From my perspective, the biggest challenge for healthcare provider clients (and those clients that invest in the healthcare services industry) will be continuing to manage the transition to value-based care. The cost of healthcare in the US has been, and will continue to be, a hot topic for political and economic discussion. The movement away from traditional fee-for-service reimbursement, and towards a model that is based on value and outcomes, is one about which all providers must be thinking carefully.

What kind of client work gets you most excited when it comes across your desk?

Continue Reading Five Questions with a Health Lawyer: Joe Parise

Larry Guess
Partner
Office: Chicago
Years at the Firm: 6 years

What is your favorite part about practicing healthcare law at McDermott? 

My favorite part of practicing healthcare law at McDermott is the complexity of our client matters and working with my colleagues to get great results for our clients. The healthcare industry is constantly changing and innovating, and our clients engage us to help them adapt to these changes and maximize innovation in the space.

What is the biggest opportunity and greatest challenge facing clients in your area of focus today? 

The biggest opportunity facing our clients is the bullish investment perspective in the healthcare industry. Currently, there are buyers with a tremendous amount of capital to deploy and sellers looking to maximize current market conditions. The healthcare transactional climate is very dynamic and certain clients are willing to invest in more risky assets. While the payoff can be substantial, the speed and complexity of these transactions can be very challenging for clients.  McDermott’s healthcare group excels in delivering value to our clients by managing the speed of transactions while navigating complex regulatory regimes, enabling our clients to understand the risk associated with a particular investment and opportunities to maximize returns.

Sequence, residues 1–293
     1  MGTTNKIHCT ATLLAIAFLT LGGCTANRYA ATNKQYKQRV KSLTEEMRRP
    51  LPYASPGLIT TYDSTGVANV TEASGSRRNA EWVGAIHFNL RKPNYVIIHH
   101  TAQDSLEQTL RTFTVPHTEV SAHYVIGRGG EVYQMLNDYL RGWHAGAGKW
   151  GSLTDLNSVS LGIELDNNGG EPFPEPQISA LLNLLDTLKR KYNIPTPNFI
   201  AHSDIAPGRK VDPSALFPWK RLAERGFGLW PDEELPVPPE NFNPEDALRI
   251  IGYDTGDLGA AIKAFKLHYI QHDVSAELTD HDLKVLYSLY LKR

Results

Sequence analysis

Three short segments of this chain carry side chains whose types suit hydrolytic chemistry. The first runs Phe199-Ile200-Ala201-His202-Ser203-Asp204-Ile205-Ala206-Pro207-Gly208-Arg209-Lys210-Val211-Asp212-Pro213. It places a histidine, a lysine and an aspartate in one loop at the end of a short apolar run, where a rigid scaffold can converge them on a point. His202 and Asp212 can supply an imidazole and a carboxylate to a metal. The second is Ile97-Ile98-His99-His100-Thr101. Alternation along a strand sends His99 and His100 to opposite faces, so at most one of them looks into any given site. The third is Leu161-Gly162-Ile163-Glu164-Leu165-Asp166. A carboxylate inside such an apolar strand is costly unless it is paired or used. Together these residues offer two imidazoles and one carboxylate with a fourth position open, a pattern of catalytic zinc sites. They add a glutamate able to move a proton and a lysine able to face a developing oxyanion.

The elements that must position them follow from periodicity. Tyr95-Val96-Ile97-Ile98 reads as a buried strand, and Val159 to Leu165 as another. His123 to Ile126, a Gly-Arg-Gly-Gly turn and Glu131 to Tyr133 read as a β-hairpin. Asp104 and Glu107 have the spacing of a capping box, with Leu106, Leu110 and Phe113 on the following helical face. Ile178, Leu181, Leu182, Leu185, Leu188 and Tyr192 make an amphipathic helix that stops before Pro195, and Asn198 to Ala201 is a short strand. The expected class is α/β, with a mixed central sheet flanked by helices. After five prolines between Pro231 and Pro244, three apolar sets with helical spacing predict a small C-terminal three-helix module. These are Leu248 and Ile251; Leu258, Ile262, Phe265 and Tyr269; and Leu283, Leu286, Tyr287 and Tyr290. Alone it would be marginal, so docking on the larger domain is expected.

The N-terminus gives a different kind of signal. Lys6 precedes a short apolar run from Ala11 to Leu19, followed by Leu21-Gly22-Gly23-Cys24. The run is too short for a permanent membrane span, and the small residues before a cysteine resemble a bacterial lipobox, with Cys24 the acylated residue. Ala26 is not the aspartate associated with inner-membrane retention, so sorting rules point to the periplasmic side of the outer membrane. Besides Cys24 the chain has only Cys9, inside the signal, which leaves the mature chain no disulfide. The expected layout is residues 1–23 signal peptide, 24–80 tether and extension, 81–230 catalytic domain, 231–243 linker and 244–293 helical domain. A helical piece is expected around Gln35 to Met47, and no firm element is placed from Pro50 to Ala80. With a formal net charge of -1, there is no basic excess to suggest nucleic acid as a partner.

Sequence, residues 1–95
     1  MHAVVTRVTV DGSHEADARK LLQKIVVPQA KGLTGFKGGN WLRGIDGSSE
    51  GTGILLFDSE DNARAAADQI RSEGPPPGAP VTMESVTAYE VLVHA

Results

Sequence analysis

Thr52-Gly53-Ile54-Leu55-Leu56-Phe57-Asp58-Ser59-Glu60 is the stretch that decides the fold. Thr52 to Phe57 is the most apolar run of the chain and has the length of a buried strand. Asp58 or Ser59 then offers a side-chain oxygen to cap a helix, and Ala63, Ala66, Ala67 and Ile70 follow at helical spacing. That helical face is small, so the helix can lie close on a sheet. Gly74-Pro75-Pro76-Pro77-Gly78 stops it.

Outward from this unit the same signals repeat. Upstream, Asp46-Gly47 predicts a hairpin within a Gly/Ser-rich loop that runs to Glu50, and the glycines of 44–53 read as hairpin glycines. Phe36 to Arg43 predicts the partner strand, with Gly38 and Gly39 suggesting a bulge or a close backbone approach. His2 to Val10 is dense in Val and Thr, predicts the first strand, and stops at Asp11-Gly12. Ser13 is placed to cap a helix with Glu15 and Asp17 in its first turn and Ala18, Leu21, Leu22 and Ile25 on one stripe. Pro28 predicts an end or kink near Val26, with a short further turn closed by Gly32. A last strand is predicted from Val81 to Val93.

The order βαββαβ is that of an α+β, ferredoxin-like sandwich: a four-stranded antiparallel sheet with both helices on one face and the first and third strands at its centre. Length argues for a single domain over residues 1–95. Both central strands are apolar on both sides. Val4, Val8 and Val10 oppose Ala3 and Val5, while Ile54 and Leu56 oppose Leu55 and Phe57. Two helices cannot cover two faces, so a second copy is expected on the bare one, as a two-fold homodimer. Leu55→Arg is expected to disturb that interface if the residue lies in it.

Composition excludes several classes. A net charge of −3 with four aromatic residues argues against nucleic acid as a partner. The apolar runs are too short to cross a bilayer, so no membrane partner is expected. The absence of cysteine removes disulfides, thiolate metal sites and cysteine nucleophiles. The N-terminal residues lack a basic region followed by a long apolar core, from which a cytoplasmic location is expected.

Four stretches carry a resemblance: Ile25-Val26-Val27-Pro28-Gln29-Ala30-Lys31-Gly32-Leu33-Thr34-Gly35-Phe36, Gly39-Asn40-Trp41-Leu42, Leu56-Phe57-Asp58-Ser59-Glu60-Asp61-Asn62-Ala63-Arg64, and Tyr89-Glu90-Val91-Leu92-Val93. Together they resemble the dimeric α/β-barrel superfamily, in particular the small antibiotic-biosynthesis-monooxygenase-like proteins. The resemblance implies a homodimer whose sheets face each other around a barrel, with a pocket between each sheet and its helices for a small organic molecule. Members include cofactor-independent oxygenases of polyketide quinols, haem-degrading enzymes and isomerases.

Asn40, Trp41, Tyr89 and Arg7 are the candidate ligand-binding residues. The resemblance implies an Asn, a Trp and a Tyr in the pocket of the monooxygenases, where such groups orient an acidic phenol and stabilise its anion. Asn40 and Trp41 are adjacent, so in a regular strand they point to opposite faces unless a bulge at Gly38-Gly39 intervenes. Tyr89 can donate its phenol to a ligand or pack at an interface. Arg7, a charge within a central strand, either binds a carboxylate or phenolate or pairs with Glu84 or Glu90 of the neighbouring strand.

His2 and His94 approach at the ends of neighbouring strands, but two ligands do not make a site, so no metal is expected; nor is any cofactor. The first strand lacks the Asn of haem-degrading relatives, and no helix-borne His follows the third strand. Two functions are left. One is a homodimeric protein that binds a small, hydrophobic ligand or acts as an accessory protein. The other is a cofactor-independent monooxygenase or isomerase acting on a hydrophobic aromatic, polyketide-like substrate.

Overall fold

What kind of client work gets you most excited when it comes across your desk? 

Continue Reading Five Questions with a Health Lawyer: Larry Guess

2019 was a robust year for the US Food and Drug Administration’s (FDA’s) regulatory agenda. The agency continued to implement initiatives and mandates required by the 21st Century Cures Act (Cures Act), and navigated leadership and staffing changes at many levels. Most notably, Commissioner Scott Gottlieb resigned on April 5. Norman Sharpless and Brett Giroir served as acting interim commissioners following Commissioner Gottlieb’s resignation. On December 17, Congress swore in Commissioner Stephen Hahn, a radiation oncologist and former chief executive of MD Anderson Cancer Center.

This Special Report reviews notable actions that shaped FDA-regulated industries and products last year, and offers insight into the agency’s 2020 priorities and expected actions in a number of areas, including:

  • Digital health;
  • Streamlined product approvals;
  • Evolving evidentiary thresholds for product approvals;
  • Strategic enforcement;
  • And much more.

Click here to read the full report. 

The healthcare industry is facing significant disruption from new market entrants and technology innovations that have the potential to improve how care is delivered, to lower healthcare costs, and to improve healthcare outcomes. But not all disruption is built to have a sustained and positive impact—how do you tell which innovative technologies and ventures will change healthcare for the better, and which are just noise?

We all hear about disruptive innovation – the power of innovative thinking that sees beyond traditional ways of doing things in favor of new, better methods. When innovators enter the health arena and consider its problems creatively, they seek to break down inefficient aspects that don’t work well for stakeholders and patients. Problems can arise, however, if these innovators simultaneously disrupt processes or protective expectations that serve important functions. Healthcare is a heavily regulated and normative environment—for good reason. Many of its laws and norms function to keep patients safe and clarify roles and responsibilities. This post explores key considerations for new entrants into the healthcare marketplace.

Know Your Audience